National Association of Manufacturers (NAM) Senior Vice President of Government Relations and Policy Aric Newhouse participated in a roundtable discussion today as part of the 2013 kick-off event for the House Manufacturing Caucus. The caucus is chaired by Reps. Tom Reed (R-NY) and Tim Ryan (D-OH) and today’s event also featured Emily Foster of Cummins Inc. and Ralph Resnick of the National Additive Manufacturing Innovation Institute (NAMII) to discuss the critical role of manufacturing to our economy in 2013 and beyond.

NAM's Aric Newhouse discusses the challenges facing manufacturers at today's kick-off event.

NAM's Aric Newhouse discusses the challenges facing manufacturers at today's kick-off event.

The NAM’s Aric Newhouse began the discussion talking about the 20 percent cost differential manufacturers face in the United States compared to our largest trading partners. As part of that cost differential the U.S. actually has an advantage when it comes to energy. According to Newhouse, we need to implement policies which will allow us to “run up the score on energy.” Access to affordable sources of energy will help manufacturers in the United States better compete against growing global competition and create more jobs.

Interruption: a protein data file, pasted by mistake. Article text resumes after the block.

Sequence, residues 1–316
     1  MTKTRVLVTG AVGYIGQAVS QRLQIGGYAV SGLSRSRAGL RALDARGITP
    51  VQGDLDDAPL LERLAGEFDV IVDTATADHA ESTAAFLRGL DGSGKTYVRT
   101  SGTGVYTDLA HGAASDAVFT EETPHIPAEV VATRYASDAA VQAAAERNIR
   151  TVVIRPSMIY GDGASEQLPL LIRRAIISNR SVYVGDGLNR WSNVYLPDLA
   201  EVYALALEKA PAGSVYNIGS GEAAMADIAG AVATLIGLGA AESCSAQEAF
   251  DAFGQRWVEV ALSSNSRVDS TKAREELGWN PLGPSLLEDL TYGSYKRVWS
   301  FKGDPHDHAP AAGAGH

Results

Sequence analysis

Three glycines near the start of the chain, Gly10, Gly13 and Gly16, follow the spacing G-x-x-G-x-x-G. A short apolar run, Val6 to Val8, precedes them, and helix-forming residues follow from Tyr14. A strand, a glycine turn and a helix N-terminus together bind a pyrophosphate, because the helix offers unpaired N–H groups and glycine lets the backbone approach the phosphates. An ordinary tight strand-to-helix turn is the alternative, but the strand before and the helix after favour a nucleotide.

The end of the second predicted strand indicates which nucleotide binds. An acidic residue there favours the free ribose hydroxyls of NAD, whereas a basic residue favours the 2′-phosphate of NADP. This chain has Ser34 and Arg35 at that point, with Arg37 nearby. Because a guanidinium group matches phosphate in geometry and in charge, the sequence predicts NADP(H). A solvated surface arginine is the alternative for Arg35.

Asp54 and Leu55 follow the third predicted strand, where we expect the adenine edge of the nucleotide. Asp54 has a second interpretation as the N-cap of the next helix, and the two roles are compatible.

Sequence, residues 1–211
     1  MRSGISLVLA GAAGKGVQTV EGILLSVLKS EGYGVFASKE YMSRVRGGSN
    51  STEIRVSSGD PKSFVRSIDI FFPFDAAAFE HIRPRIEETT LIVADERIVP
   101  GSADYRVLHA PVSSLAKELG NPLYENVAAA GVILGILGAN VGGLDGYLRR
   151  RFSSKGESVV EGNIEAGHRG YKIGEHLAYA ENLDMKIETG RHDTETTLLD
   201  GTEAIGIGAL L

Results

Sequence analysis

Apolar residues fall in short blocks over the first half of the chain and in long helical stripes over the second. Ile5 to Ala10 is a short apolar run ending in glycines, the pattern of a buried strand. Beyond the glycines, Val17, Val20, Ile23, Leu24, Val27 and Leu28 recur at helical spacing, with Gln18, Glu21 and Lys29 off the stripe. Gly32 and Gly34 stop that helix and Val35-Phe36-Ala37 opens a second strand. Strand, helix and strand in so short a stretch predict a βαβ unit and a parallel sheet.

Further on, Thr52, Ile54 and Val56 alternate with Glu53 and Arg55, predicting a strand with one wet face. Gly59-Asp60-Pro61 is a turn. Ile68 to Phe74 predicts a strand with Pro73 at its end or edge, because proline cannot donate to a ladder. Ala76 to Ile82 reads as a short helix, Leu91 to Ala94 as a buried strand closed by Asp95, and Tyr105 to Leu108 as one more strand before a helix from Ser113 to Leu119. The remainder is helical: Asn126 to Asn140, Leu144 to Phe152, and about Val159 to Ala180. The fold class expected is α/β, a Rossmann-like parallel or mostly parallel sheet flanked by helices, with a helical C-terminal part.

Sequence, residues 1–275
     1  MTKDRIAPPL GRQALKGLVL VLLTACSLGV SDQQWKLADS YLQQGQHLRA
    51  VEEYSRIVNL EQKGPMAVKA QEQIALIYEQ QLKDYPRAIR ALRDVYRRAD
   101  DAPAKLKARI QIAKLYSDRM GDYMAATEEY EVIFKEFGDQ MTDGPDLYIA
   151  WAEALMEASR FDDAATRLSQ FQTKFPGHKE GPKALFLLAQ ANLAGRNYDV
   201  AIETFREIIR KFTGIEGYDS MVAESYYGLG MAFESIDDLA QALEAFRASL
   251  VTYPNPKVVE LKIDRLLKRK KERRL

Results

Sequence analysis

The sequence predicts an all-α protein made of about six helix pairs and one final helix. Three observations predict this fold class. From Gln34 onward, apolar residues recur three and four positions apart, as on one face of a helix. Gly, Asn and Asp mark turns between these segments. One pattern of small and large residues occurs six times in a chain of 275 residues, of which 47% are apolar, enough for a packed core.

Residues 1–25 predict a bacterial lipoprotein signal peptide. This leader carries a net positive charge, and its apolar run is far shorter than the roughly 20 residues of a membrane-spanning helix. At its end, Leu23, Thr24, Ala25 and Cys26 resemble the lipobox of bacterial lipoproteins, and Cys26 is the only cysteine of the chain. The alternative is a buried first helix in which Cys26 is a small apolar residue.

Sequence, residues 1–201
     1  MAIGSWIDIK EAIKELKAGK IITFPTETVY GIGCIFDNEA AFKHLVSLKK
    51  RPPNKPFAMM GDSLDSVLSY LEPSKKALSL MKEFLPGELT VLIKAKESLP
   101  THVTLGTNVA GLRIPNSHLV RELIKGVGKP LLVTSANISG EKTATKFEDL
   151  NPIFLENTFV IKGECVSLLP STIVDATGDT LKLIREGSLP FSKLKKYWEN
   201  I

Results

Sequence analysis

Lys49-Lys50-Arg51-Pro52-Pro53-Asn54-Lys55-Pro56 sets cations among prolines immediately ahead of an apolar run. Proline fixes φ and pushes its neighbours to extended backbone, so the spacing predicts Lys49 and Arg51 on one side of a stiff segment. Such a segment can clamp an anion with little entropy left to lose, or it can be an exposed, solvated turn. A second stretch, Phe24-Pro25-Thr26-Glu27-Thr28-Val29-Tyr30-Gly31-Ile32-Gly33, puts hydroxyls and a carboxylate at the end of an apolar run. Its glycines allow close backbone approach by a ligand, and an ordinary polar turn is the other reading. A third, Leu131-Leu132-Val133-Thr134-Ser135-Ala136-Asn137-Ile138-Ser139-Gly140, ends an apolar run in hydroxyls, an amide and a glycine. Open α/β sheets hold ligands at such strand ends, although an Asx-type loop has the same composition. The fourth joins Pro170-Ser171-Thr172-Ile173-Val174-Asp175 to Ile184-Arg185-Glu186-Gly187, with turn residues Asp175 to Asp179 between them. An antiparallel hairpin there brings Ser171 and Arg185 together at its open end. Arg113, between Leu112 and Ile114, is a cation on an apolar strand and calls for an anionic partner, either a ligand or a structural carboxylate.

The panel also discussed the growing need for skilled workers in manufacturing. Each of the panelists discussed the need for policies to help address the skills gap, and what manufacturers are doing to help train workers for the jobs of today and tomorrow. Emily Foster of Cummins talked about the various programs and partnerships at Cummins to help provide students with the necessary skills for successful careers in manufacturing. Ralph Resnick of (NAMII) talked about how manufacturing has changed over the decades. “Manufacturing is not dark, dirty and dangerous, but it can be exciting,” said Resnick.

To conclude the discussion Newhouse discussed policies that can help close the skills gap. The America Works Act was introduced today in the House which can provide a great benefit to manufacturers. “On the ground and local level give us the ability to turn things around,” said Newhouse.

In order for the U.S. to remain the worlds largest manufacturing nation we must train and develop a highly skilled workforce for the future. Today’s event was a positive discussion of several of the challenges facing manufacturers and how Congress can help address these issues.

The NAM looks forward to continuing to work with members on the Manufacturing Caucus to advance these policies during the 113th Congress.

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